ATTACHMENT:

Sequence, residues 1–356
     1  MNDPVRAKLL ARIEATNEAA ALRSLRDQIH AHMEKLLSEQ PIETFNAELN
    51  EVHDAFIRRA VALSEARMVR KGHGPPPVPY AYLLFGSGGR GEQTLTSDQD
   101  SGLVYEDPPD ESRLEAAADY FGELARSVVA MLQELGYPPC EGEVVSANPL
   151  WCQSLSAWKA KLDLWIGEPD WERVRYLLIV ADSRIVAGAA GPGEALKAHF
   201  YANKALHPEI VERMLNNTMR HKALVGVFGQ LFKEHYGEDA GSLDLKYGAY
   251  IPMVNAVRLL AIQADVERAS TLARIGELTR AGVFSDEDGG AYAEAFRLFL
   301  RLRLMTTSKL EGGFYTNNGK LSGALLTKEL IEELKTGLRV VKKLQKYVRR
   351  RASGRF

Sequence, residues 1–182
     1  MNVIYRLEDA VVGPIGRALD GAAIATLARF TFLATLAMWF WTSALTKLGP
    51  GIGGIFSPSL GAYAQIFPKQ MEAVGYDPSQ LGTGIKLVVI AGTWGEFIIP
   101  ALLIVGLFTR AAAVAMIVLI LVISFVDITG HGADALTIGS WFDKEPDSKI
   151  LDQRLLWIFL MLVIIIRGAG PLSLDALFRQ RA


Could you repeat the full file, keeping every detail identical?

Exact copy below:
Sequence, residues 1–356
     1  MNDPVRAKLL ARIEATNEAA ALRSLRDQIH AHMEKLLSEQ PIETFNAELN
    51  EVHDAFIRRA VALSEARMVR KGHGPPPVPY AYLLFGSGGR GEQTLTSDQD
   101  SGLVYEDPPD ESRLEAAADY FGELARSVVA MLQELGYPPC EGEVVSANPL
   151  WCQSLSAWKA KLDLWIGEPD WERVRYLLIV ADSRIVAGAA GPGEALKAHF
   201  YANKALHPEI VERMLNNTMR HKALVGVFGQ LFKEHYGEDA GSLDLKYGAY
   251  IPMVNAVRLL AIQADVERAS TLARIGELTR AGVFSDEDGG AYAEAFRLFL
   301  RLRLMTTSKL EGGFYTNNGK LSGALLTKEL IEELKTGLRV VKKLQKYVRR
   351  RASGRF

Sequence, residues 1–182
     1  MNVIYRLEDA VVGPIGRALD GAAIATLARF TFLATLAMWF WTSALTKLGP
    51  GIGGIFSPSL GAYAQIFPKQ MEAVGYDPSQ LGTGIKLVVI AGTWGEFIIP
   101  ALLIVGLFTR AAAVAMIVLI LVISFVDITG HGADALTIGS WFDKEPDSKI
   151  LDQRLLWIFL MLVIIIRGAG PLSLDALFRQ RA